Wednesday, July 6

The Haitian Ambassador in Madrid: “We must respect the democratic game”


Correspondent in Mexico

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The current Haitian ambassador to Spain, Louis Marie Montfort Saintil, has attended ABC after an armed group raided the president’s private residence at one in the morning on Wednesday, July 7. The first lady landed at 3:30 p.m. on a ‘Trinity Air Ambulance’ flight and was subsequently transferred to the Baptist hospital located in Miami. Martine Moïse is in critical condition, however, with stable vital signs after suffering three gunshot wounds to her arms, hand and abdomen.

Police are investigating the alleged killers as the armed group that raided the presidential residence has not been identified yet. In the Caribbean nation there are more than 150 organized gangs that control the territory with an increasingly weakened government and main routes in the country that are normally taken by armed gangs. Haitian sources confirm that the prime minister is held at a secret location as a safeguard of your safety.

This is how ABC is informed by inhabitants of the Pétionville area, a city located in the capital of Port-au-Prince, in an area full of embassies near the president’s residence. Last afternoon there was also an operation to disable cell that attacked the Haitian president and his family, killing four attackers and two other prisoners who were members of the command.

Soon, and thanks to the arrests, there will be more news, although in principle it is ruled out that we are facing a terrorist group. It seems that in the area where the Haitian bourgeoisie lives, the gang that caused the attack on the president had entrenched themselves and that, cornered by the police, they had used two officers from a police station as hostages, which they used as bunkers. After several hours of unsuccessful negotiation, the police decided to enter with the balance of four dead, three arrested and the two officers released.

The death of the president could have been carried out by any enemy of the Government. A part of the elite that controls Haiti and that manages the main economic movements of the country moves in illicit areas. As reported to ABC, the president “wanted to clean up” the nation and this has generated numerous enemies everywhere in different sectors.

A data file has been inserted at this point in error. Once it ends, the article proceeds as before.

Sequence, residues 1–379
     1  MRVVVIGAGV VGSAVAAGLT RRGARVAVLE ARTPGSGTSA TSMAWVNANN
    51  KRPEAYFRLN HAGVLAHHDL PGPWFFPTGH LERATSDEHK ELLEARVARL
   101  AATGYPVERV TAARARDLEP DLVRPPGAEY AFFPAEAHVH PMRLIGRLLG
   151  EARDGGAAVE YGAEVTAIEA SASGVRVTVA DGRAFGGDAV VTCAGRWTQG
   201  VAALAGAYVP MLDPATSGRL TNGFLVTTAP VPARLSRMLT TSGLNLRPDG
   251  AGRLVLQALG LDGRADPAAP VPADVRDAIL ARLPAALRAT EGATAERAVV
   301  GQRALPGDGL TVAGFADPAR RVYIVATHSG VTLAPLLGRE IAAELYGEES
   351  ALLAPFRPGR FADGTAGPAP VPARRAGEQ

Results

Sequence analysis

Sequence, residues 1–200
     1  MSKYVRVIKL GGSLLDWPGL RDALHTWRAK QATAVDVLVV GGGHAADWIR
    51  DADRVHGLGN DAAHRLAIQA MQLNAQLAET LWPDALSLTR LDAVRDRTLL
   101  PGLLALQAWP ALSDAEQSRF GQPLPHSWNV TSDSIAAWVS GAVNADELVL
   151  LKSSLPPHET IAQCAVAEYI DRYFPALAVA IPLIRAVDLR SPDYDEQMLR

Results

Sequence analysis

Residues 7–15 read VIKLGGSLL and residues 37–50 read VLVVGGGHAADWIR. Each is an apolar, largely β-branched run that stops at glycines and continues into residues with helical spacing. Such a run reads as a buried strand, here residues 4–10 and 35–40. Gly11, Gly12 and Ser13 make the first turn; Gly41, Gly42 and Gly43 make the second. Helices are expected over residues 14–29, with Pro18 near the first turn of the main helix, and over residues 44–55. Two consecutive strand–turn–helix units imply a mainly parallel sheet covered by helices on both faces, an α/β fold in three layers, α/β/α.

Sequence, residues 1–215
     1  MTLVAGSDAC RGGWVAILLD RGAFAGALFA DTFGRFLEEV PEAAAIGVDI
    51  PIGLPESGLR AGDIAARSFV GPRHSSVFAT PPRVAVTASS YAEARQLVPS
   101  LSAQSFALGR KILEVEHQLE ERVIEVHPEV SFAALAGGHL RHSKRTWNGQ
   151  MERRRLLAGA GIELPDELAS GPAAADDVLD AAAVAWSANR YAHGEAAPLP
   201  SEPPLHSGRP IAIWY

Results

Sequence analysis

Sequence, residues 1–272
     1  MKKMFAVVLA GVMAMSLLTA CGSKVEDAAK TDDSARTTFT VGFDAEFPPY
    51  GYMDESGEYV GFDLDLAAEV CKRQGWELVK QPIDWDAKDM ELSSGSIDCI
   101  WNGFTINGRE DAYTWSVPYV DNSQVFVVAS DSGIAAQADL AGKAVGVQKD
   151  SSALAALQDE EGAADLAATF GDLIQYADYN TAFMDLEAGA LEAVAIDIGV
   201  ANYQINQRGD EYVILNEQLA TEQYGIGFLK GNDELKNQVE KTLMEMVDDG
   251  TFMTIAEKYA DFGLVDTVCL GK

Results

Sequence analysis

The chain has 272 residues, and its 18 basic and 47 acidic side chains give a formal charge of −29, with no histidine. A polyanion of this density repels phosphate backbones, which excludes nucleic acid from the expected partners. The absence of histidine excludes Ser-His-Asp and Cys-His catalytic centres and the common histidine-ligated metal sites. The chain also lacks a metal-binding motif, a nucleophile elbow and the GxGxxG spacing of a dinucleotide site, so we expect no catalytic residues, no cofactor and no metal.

Arrival to power in 2015

The demonstrations since the arrival of the power of Moïses in 2015 have been continuous from sectors of pressure. The tension experienced has been bloody, especially in 2018 and 2019, when student children had to stop going to school for three months because of the blockades. The political situation was such, according to administrative sources to this newspaper, that “no one has been surprised that this has happened to the president.”

“No one has been surprised that this happened to the president”

As stated by the Government, by virtue of article 149 of the Haitian Constitution, the Prime Minister, Claude Joseph, is granted the assumption of powers in the event of a presidential void, during 90 days, until the holding of new elections that, presumably, would have to be held on September 26.

“The Constitution says that the presidential term is five years, so this year could not be considered as an extension of the mandate,” they clarify from the embassy of Haiti in Madrid. Let us remember that Moises came to power in February 2017 so it could end in the same month of 2022. Different government sources tell us about the desire that existed on the termination of the mandate of the assassinated president on February 7 of next year.

“I call for political actors to come together to work for the development of the country”

Relying on the police, the prime minister has affirmed “that all measures have been taken to ensure the continuity of the state” while calling for calm from the Haitians, after declaring a state of siege for 15 days in the poorest country in the northern hemisphere and with a 60% of its inhabitants plunged into poverty.

At the moment, it is not possible to speak of a coup d’etat because the attack seems to have been perpetrated by gangs of hitmen who spoke in spanish and french. “We must respect the democratic game, the ideology and the sacred life of each one,” Montfort, the Haitian ambassador in Madrid, warned us. “We must let justice act and I call for political actors to unite to work for the development of the country,” he says.

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